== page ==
That being said, let’s not kid ourselves. No one legitimately thought that this was plagiarism. That accusation was only used as a scare tactic to shut me up, right along with the threats that the authors could take legal action against me, which they can’t, by the way. Parody and critique are protected speech, and rightly so. Can you imagine a world where the people producing the content have all the power over what is said about it? I’m sure some of you can, as we’ve seen it before. It’s called fascism.
Now to my follower’s questions: Do I hate all fanfiction? Is there any I like? Yes, in fact, despite their astounding number of flaws, I enjoyed both of the fics I’ve reviewed thus far. Not that I think either of them are good, far from it. Winchester Steele/My Rook Takes your Knight had me howling with laughter. It was bad in the way that it was so ineptly written. The comedy came from how serious it seemed to take itself. It’s similar to how the movies “The Room” and “Birdemic” are so enjoyable. Though people worked very hard on them and intended the result to be taken seriously, the product was just so abysmally sub-par that it came out funny. I feel the same way about Love is Stronger than Pride, though to a lesser degree. It isn’t as bad when it comes to the technical aspects of the writing. This is, unfortunately, not a detail that works in its favor. The corny and campy nature of it is endearing, but there’s an underlying “soap opera” feel to it that detracts from that “so bad it’s good” je ne sai quoi. The damsel in distress cliché (one amongst the many this story boasts) downgrades it from a “so bad it’s good” story to just another mediocre fish in the ocean. Its only saving grace for my purposes was that the whole story line was so trite and Mary Jane (take out main character, insert self) that the plot alone pushed it into “bad enough” territory to merit a review from me. It’s a good read, but I enjoy the colossal failure more as opposed to the humdrum one.
I need to make it clear that I don’t only like bad fanfiction. There are some excellent writers out there, and they deserve the praise they get. This brings me to another question: what is my take on fanfiction? I think it’s great. It’s a good place to figure out if you have the chops to be a professional author, or only a hobby writer, but I also have some serious reservations about it. You’ll notice on my blog that I’m writing a fanfiction based around The Fanfic Assassin, aka Edmond Carmichael. It’s actually quite a challenge for me to do this, as I do not like the idea of using someone else’s plot, setting, or characters. So I’ve come to a compromise with my own creative principles, and I’m doing it halfway. Most of the story will be completely original, and the parts that aren’t will be little more than brief cameo appearances.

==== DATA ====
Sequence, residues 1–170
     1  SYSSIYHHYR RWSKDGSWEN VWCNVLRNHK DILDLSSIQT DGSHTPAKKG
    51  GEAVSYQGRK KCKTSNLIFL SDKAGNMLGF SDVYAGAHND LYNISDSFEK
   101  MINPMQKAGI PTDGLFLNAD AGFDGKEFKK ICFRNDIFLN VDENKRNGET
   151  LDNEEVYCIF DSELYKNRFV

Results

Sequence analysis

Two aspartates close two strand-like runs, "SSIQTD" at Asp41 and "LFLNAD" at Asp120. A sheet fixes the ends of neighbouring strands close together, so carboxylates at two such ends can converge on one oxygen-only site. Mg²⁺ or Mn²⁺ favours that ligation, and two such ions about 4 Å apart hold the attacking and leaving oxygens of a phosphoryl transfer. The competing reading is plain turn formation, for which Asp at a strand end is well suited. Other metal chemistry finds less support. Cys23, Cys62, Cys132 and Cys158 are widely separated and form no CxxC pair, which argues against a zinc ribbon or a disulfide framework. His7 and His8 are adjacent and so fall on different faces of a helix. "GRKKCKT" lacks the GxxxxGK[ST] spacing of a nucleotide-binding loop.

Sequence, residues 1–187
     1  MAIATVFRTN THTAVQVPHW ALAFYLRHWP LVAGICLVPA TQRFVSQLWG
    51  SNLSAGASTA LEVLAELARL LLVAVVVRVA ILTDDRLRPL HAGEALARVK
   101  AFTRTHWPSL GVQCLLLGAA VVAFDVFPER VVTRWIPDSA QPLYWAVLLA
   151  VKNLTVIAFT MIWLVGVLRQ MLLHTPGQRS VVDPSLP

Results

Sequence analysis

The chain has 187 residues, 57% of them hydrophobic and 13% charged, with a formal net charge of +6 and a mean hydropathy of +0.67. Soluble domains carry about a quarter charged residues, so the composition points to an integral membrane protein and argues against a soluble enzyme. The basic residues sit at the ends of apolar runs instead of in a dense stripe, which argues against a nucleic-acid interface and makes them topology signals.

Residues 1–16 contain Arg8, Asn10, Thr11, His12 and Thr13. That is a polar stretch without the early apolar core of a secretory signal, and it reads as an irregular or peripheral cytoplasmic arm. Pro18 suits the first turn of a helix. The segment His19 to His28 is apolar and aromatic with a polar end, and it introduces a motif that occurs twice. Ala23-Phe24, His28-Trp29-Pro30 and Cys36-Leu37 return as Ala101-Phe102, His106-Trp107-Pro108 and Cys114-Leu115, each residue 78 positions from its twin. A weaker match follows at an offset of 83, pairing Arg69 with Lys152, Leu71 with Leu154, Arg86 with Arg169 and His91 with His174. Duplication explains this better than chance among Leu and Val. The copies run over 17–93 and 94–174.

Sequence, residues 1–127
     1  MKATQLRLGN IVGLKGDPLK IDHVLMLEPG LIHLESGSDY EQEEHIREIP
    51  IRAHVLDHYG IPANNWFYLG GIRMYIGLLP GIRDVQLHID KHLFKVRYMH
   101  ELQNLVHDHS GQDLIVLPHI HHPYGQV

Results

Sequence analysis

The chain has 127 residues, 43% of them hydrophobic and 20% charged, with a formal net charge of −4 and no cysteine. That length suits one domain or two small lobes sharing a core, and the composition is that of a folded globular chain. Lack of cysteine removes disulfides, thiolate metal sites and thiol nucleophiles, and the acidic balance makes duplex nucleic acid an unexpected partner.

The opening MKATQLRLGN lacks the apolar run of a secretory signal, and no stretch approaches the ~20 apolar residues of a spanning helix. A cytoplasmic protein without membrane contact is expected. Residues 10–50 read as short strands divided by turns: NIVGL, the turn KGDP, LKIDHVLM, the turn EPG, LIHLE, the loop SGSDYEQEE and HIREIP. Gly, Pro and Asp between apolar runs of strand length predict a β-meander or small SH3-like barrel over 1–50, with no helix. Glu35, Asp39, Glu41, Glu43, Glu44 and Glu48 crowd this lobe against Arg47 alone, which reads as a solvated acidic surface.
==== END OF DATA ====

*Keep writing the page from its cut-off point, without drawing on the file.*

Finally, I’d just like to make one point: I am NOT The Fanfic Assassin. He’s a character I created and pretend to be on occasion. I’ve got skin so thick that elephants get envious of me, but that doesn’t mean I enjoy needless personal attacks. Yes, the reviews are critical, rude, and crass. I am aware that I already have — and probably will again — let personal insults slip past my censors. It’s not the intention of the blog or the character to attack anyone personally, but sometimes we don’t know exactly how others are going to interpret what we say. As someone pointed out, you need to be very careful what you say in the Twilight fandom. As a free thinker, a person who finds no train of thought to be out of line or inappropriate, I find this most unfortunate, and while I respect the tip, there’s no humor in precision dialogue that perfectly avoids hot button issues and overly sensitive people. Comedy is provocative, and that’s how it will remain on my part.